Note: This is the first in a series of biographies of and interviews with the people who made things happen in Austin’s early internet history. H/T to William Leake of Apogee Search for the idea behind this series.
Prior to 1990, Steve Jackson was known as the the man behind Austin, Texas based Steve Jackson Games, publisher of the games Car Wars, Illuminati, and GURPS. Then, everything changed.
The United States Secret Service raided the offices of Steve Jackson Games, ostensibly because one of the company’s employees was the target of a hacker crackdown. Using a sealed warrant, they seized computer hardware and files. They took the computer that ran SJG’s popular Illuminati Online BBS was well as copies of a game in development, GURPS Cyberpunk, which one Secret Service agent referred to as an instruction manual on computer crime.
Steve Jackson Games files suit and won more than $50,000 in damages. The Electronic Frontier Foundation was formed to directly assist in the case, and to hopefully prevent future abuses by the government.
He helped to form EFF-Austin, which has since joined with a similar group in Houston to form Electronic Frontiers Texas.
These events are described in detail in Bruce Sterling’s book The Hacker Crackdown.
I first met Steve a few months after the Secret Service raid. I got to know him at a party we both happened to be at. It was the one year anniversary of the raid. Later, I served on the Board of Directors for EFF-Austin with Steve.
Brian Combs: When did you first get onto the Internet?
Steve Jackson: John Quarterman set me up with an account on a UT server so I could help maintain the Austin SF fan club’s database sometime in the early to mid 1980s; I’m not going to guess at the year. The BBS that the Secret Service shut down in 1990 had been online since 1986, but it was not part of the Internet; it was accessed by modem. Illuminati Online became part of the net in August 1993.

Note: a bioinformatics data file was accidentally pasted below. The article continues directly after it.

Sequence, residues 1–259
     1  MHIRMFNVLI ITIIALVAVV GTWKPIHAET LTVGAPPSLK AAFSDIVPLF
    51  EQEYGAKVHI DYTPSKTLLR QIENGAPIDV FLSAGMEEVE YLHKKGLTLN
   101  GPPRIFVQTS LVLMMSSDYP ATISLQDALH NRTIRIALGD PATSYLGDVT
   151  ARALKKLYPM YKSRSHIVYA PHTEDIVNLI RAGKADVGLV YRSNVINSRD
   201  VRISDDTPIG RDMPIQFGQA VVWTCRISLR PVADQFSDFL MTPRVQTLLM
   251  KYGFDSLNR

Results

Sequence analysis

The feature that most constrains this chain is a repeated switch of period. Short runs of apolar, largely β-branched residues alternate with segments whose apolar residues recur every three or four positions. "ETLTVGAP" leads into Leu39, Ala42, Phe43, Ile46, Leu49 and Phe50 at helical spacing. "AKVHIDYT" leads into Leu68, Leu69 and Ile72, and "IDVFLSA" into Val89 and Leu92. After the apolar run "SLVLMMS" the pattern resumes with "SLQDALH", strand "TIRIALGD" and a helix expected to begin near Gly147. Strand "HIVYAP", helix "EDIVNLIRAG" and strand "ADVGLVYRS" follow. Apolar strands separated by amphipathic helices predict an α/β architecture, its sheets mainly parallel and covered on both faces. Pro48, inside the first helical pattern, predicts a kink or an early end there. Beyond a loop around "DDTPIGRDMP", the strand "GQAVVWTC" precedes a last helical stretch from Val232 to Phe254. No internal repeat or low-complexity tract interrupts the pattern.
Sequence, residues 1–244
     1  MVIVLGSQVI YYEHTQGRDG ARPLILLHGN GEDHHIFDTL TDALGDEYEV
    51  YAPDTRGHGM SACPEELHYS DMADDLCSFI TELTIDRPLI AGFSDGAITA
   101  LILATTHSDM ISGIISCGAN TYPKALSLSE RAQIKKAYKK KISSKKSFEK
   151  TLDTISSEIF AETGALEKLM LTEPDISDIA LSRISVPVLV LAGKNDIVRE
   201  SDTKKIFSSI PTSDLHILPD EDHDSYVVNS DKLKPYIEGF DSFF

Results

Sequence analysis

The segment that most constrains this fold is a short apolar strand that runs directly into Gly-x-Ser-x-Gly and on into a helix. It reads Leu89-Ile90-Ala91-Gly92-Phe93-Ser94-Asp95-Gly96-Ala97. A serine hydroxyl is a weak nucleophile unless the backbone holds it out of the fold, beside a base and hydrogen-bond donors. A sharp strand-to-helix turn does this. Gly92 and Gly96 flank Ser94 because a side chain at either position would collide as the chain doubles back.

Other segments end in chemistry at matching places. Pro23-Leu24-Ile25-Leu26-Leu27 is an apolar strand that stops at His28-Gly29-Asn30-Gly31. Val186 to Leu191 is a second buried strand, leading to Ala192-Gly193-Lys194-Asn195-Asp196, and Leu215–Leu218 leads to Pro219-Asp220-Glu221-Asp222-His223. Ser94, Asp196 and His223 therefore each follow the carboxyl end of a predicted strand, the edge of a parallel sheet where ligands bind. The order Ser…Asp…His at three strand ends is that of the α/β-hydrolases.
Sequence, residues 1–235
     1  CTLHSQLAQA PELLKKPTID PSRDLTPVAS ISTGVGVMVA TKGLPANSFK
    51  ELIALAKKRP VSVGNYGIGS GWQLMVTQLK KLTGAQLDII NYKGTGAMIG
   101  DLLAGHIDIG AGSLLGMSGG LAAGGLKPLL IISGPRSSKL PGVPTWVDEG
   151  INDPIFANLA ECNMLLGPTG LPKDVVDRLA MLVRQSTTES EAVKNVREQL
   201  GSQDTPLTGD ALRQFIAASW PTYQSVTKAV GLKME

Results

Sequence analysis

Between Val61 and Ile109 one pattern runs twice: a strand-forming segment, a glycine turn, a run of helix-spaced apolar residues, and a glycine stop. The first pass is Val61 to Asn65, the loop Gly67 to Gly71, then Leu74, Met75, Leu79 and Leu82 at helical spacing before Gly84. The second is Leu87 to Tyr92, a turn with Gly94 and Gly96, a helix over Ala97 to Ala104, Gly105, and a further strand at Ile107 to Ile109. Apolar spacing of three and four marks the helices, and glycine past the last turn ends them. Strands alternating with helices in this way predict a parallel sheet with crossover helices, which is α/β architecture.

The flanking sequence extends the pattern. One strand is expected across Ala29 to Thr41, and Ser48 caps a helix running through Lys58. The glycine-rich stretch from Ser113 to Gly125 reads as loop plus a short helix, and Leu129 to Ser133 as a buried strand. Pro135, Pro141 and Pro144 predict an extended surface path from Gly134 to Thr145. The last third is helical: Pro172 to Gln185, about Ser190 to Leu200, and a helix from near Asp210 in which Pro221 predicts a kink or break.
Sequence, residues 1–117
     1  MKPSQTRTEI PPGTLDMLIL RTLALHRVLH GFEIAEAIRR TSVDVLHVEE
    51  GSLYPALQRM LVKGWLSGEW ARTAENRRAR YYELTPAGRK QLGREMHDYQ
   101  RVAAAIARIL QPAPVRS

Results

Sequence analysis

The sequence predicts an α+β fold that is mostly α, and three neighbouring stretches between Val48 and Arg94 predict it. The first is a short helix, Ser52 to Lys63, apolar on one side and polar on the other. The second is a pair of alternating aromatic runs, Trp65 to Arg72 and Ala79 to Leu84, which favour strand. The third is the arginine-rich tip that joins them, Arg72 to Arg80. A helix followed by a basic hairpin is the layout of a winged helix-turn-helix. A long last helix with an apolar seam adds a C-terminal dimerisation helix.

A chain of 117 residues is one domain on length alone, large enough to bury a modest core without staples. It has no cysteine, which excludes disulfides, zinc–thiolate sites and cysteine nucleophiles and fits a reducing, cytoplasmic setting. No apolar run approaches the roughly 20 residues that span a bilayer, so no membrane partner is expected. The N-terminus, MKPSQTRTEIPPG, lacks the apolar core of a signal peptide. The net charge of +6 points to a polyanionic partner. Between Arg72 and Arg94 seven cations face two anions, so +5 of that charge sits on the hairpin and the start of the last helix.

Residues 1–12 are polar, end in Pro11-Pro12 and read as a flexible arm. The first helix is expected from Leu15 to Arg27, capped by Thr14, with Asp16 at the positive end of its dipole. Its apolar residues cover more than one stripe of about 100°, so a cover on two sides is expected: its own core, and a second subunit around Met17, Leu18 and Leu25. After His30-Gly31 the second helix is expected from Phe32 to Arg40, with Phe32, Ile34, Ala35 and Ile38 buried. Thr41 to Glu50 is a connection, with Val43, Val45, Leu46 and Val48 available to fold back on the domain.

BC: What, if any, have been the far reaching impacts of your victory in SJG vs. SS?
SJ: I’m actually not the best one to answer that question – I’d refer you to the folks at the EFF, to start with – but, in general, it was a big flashing CAUTION sign, warning law enforcement that the e-mail stored on BBSs was protected by the Electronic Communications Privacy Act.
BC: What was the first Web project in which you were involved?
SJ: As in, literally, WWW? The web pages for Steve Jackson Games, www.sjgames.com, and Illuminati Online, www.io.com. In 1996, just setting up a website was a great adventure . . .
BC: Of what online project are you proud?
SJ: Independent invention of the blog; our Daily Illuminator is, as far as we have been able to find out, the oldest blog that’s still being updated. If anybody can beat November 16, 1994, let me know . . .
BC: What do you think of the focus the last few years on social media technologies and channels?
SJ: Human banality is a force stronger than anyone had ever imagined.
BC: Other than social media, what are the most important things happening online today?
SJ: Fraud and theft.
BC: What should we be watching for (or watching out for) on the Internet in the future?
SJ: Fraud, theft, and fiction masquerading as news.